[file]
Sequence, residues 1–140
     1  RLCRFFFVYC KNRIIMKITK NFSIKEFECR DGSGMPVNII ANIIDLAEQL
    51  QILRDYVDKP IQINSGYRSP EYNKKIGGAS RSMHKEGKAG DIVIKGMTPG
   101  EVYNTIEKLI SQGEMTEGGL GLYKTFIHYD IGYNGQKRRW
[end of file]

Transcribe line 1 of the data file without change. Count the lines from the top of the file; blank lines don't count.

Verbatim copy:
Sequence, residues 1–140